Legislation sponsored by Assembly Democrats Troy Singleton, Patrick Diegnan and Joseph Lagana to make New Jersey more hospitable to small businesses by increasing regulatory flexibility was advanced by an Assembly panel on Thursday.
“Unnecessary regulation is a huge barrier to success for current small business owners and prospective entrepreneurs across New Jersey,” said Singleton (D-Burlington). “This legislation will maintain standards to protect the health, safety and welfare of New Jersey residents while also helping small business owners put more of their time and energy into increasing profits, not dealing with paperwork.”
The bill (A-4334) would amend the “New Jersey Regulatory Flexibility Act” to require state agencies to simplify certain requirements for businesses with fewer than 100 full-time employees or less than $6 million in annual sales. The legislation would require agencies to consider the following when readopting an expiring rule in order to minimize any adverse economic impact on small businesses:
- The continued need for the rule;
- The nature of complaints or comments received from the public concerning the rule;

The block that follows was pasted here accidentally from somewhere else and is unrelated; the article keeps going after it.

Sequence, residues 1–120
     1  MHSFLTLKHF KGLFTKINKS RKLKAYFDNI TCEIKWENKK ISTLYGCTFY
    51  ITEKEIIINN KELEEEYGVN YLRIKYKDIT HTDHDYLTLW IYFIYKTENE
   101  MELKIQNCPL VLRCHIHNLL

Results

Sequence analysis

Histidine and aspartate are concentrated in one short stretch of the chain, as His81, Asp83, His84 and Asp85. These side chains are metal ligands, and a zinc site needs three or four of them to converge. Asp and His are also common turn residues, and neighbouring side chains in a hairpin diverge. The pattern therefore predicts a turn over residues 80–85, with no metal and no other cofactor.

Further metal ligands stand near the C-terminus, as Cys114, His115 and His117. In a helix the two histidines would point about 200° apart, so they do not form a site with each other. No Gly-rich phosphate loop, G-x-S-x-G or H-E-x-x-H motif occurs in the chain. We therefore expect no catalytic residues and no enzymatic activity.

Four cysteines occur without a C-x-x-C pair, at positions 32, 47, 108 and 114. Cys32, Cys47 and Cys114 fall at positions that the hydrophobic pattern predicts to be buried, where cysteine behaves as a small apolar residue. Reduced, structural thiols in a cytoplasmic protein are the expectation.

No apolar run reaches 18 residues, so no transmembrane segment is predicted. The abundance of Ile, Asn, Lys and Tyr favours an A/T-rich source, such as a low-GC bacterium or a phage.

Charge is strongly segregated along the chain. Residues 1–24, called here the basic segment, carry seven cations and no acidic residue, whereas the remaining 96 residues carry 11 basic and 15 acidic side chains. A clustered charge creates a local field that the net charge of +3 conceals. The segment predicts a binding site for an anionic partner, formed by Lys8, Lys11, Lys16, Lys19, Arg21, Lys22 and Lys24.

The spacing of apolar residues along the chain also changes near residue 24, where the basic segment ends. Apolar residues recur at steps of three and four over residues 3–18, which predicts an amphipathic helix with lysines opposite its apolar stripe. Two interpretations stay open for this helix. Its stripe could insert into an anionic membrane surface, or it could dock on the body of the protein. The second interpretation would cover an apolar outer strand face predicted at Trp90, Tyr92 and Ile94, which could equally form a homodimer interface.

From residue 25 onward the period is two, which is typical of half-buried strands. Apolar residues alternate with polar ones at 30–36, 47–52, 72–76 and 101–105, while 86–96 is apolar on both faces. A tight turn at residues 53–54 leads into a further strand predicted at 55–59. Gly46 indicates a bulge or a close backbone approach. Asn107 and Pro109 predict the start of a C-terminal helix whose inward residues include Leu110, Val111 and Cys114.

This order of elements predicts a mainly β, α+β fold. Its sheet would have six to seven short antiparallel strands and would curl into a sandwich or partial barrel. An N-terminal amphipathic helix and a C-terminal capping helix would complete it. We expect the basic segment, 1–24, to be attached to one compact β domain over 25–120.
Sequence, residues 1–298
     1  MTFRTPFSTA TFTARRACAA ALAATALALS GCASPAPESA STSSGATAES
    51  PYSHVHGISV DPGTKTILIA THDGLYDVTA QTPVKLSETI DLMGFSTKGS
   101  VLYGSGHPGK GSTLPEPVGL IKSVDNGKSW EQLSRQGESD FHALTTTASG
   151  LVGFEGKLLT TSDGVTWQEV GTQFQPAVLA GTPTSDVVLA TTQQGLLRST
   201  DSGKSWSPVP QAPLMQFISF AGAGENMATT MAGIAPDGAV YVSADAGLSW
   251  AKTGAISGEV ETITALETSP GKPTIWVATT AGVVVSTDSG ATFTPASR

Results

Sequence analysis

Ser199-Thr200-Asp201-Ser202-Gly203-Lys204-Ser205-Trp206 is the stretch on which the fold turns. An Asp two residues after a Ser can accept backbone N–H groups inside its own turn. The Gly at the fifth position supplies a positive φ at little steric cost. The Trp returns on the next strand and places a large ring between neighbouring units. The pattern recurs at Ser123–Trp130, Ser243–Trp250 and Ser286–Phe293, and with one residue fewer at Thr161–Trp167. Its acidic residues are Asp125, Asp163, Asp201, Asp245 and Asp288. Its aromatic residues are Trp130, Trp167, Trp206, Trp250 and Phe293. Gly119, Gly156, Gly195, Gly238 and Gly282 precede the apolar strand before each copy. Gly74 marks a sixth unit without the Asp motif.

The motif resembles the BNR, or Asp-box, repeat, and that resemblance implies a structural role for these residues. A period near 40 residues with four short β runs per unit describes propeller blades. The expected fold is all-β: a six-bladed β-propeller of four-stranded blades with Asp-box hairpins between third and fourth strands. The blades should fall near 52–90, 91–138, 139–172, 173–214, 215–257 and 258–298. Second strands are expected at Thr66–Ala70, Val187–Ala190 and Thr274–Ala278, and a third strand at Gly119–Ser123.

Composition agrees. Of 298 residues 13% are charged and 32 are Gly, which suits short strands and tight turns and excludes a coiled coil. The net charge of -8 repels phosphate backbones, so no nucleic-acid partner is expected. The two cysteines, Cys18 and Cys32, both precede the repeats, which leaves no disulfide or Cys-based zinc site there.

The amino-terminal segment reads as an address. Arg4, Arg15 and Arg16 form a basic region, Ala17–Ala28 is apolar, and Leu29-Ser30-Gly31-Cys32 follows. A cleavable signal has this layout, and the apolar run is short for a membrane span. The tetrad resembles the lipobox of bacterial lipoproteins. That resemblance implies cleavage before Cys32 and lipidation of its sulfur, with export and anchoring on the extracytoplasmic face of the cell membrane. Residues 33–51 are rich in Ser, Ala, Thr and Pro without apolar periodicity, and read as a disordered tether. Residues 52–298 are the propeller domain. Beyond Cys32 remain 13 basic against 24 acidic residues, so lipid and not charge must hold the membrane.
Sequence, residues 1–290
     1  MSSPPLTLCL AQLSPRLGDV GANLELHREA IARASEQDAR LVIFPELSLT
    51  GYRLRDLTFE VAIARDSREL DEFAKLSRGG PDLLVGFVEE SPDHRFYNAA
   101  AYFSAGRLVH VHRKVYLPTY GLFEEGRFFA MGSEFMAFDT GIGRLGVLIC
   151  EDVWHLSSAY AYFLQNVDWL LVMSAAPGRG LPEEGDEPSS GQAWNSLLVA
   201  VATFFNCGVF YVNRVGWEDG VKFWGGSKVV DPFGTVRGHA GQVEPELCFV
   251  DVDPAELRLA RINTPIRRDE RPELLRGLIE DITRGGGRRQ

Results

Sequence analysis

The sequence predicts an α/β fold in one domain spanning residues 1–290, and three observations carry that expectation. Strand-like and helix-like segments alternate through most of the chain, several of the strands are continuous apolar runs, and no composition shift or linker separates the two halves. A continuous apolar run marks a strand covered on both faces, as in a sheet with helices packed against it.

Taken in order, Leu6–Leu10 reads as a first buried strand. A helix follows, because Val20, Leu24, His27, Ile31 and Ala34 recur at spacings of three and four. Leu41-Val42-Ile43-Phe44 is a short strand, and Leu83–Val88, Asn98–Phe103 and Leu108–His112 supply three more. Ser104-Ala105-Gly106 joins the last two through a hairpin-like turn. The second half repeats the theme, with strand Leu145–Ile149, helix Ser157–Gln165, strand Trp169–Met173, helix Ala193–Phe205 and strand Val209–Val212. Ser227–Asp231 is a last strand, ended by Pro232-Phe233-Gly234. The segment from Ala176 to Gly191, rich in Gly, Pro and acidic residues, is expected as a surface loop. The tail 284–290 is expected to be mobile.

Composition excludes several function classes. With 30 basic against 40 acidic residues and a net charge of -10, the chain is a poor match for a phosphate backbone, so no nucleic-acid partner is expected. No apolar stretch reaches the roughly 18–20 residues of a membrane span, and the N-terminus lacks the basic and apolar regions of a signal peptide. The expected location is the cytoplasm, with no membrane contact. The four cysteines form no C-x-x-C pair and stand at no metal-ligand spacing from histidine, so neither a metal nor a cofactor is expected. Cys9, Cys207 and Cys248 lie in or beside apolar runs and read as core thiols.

- The complexity of the rule;
- The extent to which the rule overlaps, duplicates, or conflicts with other federal and state rules; and
- The length of time since the rule has been evaluated or the degree to which technology, economic conditions or other factors have changed in the area affected by the rule.
“New Jersey’s small businesses constitute a critical part of our economy and are fundamental when it comes to job creation,” said Diegnan (D-Middlesex). “Taking away some of the burden imposed on them by uniform regulatory and reporting requirements can help them better allocate their limited resources and be more competitive.”
“Unfortunately, the legal, accounting and consulting costs of meeting certain regulations make it harder for small business owners to compete with the big chains,” said Lagana (D-Bergen/Passaic). “To improve our small business climate, we must acknowledge this and work to level the playing field.”
Under the legislation, a small business that experiences a negative economic impact due to state regulations may file a petition objecting to the rule in question. The bill would: (1) establish a petition process as a prerequisite for a court appeal; (2) require the appeal petition to be filed within 90 days after final rule-making action; (3) create an optional summary disposition process based on affidavits; (4) set sanctions for frivolous appeals; and (5) place a restriction on appeals based on compliance with the regulatory flexibility process.
Enacted in 1986, the “New Jersey Regulatory Flexibility Act” aims to minimize any adverse economic impact of proposed rules on small businesses. The law encourages state agencies to consider how regulations regarding compliance or reporting requirements or timetables may affect small businesses; the bill, however, would require such consideration whenever an agency renews a rule.
The bill was advanced by the Assembly Commerce and Economic Development Committee.